They traveled from 45 states and eight foreign countries. However, the overwhelming majority of the 4,037 same-sex couples who obtained marriage licenses in San Francisco before the California supreme court shut down the city's gay wedding march didn't need to cross state lines, according to an analysis released on Wednesday. The research by county assessor Mabel Teng's office also showed that 91.4% of the couples came from California. "It confirms to us that California benefited the most from the service we provided," said Teng, who personally officiated at the nuptials of more than 300 couples and whose office records marriages. Eighty-two couples who took out licenses either chose not to go through with their weddings or did not return to City Hall in time to register their licenses, a critical final step, Teng said. That brings the total number of known couples who completed the process before the court intervened down to 3,955.
The analysis was based on the limited biographical information couples provided when they applied for their marriage licenses. One of the more interesting findings was that more lesbians tied the knot than gay men; of the 4,037 licenses issued, 2,311, or 57%, were granted to women, authorities concluded by reviewing the first names of the applicants. While the vast majority, or 3,690, of the same-sex couples who obtained licenses in San Francisco were California residents, people from Washington State and Oregon, which each sent 32 couples to San Francisco, were the next most-represented among those who sought to get married after the city began issuing licenses to same-sex couples on February 12. The states of Nevada, New York, and Florida, respectively, had 24, 20, and 16 couples who got hitched before the high court handed down its injunction on March 11. Couples from Canada, the United Kingdom, the Netherlands, France, Denmark, Germany, Switzerland, and Thailand accounted for the 17 licenses requested by residents of foreign nations.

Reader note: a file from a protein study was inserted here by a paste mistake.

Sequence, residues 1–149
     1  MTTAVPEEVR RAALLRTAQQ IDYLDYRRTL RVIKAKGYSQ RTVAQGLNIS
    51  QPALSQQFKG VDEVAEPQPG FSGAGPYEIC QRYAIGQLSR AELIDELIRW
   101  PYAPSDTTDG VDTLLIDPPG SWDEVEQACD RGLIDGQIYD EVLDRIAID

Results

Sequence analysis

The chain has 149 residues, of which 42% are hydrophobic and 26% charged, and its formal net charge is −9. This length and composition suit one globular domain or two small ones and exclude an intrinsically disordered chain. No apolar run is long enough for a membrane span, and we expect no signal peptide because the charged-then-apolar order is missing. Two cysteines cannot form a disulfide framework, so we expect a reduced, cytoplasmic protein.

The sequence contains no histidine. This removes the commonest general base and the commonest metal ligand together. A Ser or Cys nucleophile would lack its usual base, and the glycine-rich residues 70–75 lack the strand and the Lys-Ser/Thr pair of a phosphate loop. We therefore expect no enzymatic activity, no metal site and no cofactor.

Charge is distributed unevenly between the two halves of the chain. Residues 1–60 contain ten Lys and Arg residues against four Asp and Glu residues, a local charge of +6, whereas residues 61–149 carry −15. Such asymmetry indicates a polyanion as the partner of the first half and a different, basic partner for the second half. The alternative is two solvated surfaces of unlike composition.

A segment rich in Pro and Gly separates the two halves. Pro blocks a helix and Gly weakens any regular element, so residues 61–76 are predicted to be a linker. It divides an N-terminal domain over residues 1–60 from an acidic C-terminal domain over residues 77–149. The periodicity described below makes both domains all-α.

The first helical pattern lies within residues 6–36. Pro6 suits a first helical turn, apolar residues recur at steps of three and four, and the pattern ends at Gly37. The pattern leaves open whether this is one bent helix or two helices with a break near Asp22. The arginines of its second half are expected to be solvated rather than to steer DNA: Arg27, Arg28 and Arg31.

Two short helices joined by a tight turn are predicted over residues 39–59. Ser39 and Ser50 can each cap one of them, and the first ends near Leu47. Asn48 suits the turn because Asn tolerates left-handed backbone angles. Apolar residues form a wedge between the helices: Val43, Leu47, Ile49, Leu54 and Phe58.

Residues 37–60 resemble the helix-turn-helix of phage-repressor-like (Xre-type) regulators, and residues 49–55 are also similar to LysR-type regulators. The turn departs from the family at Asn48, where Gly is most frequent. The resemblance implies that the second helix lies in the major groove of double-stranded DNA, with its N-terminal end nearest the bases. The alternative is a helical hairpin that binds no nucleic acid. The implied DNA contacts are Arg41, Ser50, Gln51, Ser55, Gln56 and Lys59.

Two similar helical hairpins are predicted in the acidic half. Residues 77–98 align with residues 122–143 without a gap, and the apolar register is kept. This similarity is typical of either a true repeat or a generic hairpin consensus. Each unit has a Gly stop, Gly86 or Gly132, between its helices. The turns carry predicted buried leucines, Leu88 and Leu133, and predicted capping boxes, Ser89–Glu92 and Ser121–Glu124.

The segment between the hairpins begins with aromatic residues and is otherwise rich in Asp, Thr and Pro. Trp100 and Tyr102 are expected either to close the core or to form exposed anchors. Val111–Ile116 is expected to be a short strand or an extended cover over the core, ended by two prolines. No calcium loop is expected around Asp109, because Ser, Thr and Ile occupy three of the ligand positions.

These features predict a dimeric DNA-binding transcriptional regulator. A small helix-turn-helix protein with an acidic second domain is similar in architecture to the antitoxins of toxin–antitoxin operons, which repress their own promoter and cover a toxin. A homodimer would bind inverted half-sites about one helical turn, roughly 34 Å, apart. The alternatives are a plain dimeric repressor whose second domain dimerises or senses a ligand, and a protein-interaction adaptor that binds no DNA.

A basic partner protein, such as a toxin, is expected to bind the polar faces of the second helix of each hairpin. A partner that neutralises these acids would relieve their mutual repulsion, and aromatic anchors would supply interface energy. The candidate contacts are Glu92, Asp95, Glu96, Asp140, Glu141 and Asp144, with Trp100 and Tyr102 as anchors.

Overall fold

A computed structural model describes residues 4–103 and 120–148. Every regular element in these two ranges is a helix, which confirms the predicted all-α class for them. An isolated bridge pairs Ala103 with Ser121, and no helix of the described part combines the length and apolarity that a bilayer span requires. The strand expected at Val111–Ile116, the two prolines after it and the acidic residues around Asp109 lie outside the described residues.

More than half of the brides and grooms, or 55.4%, were between the ages of 36 and 50, while 25.8% were in the 18-35 age group, and another 17.4% were in the 51-65 age group. During the four weeks San Francisco officials spent challenging California's ban on same-sex marriage by actively sanctioning such unions, 103 opposite-sex couples also received marriage licenses, county clerk Nancy Alfaro said. At least 3,300 same-sex couples had booked appointments for marriage licenses that had to be canceled after the court ordered San Francisco to stop. The couples were all notified by e-mail or telephone that they would have to book another slot if and when officials get the green light to resume; justices have said they will hold a hearing in May or June on whether the mayor had the authority to issue his directive in contravention of state law.
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